To not only address the problem but also to make sure it never happens again, leaders will need to pay as much attention to the health of local democracy as to the immediate health of residents. Restoring trust and democracy will take time, effort and patience on the part of local officials and community members alike.
In the short term, here are five actions officials should take to lay the groundwork on the long road of righting relationships and fixing democracy:
Listen to residents and meet their immediate needs. Make up for past failures. Provide water, as much as they need, when they need it. Replace pipes. Repay water bills. Set up funds to support the health and education of children affected by the crisis. Give residents the space to be angry. And listen to them and respond when they talk about what else they need. In concert with such ameliorating actions, take ownership of bad decisions and apologize.
As you respond to immediate needs, build durable mechanisms for ongoing and authentic public engagement. Transform city council and other public meetings into meaningful opportunities to interact with residents. Use civic tech to gather information and provide people with additional ways to weigh in on decisions. Empower communities through innovative democratic practices like participatory budgeting, and though more traditional ones, like citizen advisory boards.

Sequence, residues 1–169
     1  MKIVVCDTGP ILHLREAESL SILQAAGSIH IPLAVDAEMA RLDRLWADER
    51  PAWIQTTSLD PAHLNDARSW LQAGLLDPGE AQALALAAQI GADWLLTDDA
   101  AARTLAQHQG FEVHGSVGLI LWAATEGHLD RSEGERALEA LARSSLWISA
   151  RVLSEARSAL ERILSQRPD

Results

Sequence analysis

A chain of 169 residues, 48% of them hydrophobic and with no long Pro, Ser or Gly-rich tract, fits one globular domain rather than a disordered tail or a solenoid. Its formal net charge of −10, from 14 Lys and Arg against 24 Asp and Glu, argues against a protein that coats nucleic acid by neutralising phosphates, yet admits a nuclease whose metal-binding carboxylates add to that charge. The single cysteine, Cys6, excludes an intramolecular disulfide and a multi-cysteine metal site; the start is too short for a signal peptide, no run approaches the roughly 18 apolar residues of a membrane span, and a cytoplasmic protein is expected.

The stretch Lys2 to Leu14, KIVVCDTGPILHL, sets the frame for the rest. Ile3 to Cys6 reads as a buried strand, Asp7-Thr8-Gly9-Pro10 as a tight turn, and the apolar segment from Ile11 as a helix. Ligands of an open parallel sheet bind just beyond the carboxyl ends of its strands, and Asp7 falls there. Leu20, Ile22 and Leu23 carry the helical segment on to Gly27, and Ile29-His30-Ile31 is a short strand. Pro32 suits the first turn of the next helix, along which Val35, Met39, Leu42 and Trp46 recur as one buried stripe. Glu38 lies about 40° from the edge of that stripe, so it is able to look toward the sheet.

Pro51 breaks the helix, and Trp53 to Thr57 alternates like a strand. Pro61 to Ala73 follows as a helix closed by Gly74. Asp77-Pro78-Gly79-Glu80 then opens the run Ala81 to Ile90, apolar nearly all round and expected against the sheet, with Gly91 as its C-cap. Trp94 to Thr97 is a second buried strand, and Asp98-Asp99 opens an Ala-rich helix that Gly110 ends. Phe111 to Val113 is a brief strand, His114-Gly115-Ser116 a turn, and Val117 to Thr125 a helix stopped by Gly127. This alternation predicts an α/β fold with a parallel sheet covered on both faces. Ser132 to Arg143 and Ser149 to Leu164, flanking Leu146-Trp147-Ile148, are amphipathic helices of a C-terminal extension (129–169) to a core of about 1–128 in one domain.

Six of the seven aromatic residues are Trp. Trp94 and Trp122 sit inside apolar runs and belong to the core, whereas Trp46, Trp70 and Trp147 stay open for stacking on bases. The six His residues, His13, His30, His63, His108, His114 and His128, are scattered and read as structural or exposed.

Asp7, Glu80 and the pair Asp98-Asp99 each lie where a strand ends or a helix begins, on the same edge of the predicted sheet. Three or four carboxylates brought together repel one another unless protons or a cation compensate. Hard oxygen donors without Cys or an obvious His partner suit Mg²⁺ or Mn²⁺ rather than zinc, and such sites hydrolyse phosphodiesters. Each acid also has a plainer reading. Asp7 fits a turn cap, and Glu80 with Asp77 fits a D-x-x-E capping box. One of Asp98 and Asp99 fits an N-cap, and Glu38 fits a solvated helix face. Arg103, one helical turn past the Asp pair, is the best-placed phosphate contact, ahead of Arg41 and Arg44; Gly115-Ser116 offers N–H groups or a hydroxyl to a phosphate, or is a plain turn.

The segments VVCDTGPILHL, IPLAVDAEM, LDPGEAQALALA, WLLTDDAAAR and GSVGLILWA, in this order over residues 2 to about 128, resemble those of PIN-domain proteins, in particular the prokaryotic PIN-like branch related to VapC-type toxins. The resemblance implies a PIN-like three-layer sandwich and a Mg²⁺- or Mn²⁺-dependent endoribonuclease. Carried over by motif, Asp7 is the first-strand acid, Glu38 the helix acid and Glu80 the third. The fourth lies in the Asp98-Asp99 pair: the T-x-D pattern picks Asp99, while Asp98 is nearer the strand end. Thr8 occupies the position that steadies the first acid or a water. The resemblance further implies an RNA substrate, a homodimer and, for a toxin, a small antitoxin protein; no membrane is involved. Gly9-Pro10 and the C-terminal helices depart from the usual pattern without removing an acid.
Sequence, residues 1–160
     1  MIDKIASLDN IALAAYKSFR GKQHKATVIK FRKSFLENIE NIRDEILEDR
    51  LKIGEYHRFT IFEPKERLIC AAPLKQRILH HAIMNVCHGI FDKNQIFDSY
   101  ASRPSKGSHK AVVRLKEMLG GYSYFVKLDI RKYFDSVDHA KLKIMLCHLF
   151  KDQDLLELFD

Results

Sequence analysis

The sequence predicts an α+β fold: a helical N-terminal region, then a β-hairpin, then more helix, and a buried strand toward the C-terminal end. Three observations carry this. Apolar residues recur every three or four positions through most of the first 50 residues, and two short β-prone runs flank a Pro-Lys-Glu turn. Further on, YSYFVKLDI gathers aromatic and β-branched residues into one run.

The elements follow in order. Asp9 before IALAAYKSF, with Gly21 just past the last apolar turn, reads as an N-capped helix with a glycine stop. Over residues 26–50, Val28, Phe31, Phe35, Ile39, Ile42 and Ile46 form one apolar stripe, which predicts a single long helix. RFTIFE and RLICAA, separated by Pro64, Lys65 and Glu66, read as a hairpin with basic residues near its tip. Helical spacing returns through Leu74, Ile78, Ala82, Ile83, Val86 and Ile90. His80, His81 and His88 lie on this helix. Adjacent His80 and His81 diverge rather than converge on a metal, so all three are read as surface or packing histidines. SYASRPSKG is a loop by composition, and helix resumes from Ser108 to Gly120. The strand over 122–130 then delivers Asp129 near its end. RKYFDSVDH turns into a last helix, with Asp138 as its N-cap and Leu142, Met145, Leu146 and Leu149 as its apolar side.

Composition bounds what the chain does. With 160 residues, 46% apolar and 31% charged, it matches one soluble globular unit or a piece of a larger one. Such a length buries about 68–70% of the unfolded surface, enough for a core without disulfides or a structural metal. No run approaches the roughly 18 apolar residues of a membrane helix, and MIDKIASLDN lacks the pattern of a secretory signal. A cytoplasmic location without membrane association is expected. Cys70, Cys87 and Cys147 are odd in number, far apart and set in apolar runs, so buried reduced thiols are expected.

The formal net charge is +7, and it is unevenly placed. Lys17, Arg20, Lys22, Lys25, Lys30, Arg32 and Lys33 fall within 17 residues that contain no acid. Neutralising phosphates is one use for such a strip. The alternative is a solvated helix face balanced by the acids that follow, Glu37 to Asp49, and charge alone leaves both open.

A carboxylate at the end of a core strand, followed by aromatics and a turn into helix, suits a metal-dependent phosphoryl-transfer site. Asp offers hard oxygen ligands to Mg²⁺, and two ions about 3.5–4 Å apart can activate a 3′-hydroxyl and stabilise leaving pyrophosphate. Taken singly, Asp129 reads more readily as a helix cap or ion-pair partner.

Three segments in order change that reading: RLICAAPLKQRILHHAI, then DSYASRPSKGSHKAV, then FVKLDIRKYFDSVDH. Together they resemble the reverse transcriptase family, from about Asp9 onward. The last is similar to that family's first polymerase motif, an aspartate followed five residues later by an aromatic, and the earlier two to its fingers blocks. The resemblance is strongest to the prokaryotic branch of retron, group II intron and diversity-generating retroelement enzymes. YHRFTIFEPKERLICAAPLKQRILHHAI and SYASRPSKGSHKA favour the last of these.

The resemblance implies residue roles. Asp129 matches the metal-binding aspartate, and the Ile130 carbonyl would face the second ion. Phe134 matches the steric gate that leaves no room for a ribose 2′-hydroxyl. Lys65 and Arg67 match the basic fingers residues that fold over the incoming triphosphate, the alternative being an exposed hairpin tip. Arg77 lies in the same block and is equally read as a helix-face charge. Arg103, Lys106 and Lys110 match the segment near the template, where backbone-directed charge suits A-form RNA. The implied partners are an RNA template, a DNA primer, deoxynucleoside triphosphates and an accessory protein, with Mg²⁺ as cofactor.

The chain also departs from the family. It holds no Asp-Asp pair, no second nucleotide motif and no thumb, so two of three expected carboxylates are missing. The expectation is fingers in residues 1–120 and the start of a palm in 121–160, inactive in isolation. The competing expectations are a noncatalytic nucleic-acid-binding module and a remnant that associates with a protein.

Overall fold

Provide timely information and practice transparency. From the beginning, the decisions that led to the current crisis have been riddled with opacity and a lack of accountability. Now is the time to be transparent with residents. Give them the information they need, in a timely manner, in ways they can absorb, and continue that practice beyond the current crisis.
Partner with and empower community leaders whom people trust. With faith in official leadership gone, local officials will need to work with community members who ARE trusted. Identify respected leaders and organizations and build those relationships. But be careful to do so in an authentic, transparent way -- the last thing officials want is for the public to distrust by association the motives of local community members.
Pursue activities that slowly but surely rebuild the broken bond. Create opportunities for positive, problem-solving interactions between residents and officials that address real issues. Over time, these smaller efforts may help officials earn back residents' trust. Visit homes and listen. Organize and attend recreational activities for area children. Deliver meals to elderly or disabled residents. Do well on a million small acts of governance that build the social capital and know-how to tackle bigger and tougher challenges down the line.
Such measures can lead to a Flint where residents have true ownership in decisions that affect their lives and where officials consult with residents as partners in formulating and implementing solutions. What's done is done, but officials and other leaders must do all they can to make sure that this never happens again. They can best do so by taking democracy to heart and pursuing it with passion.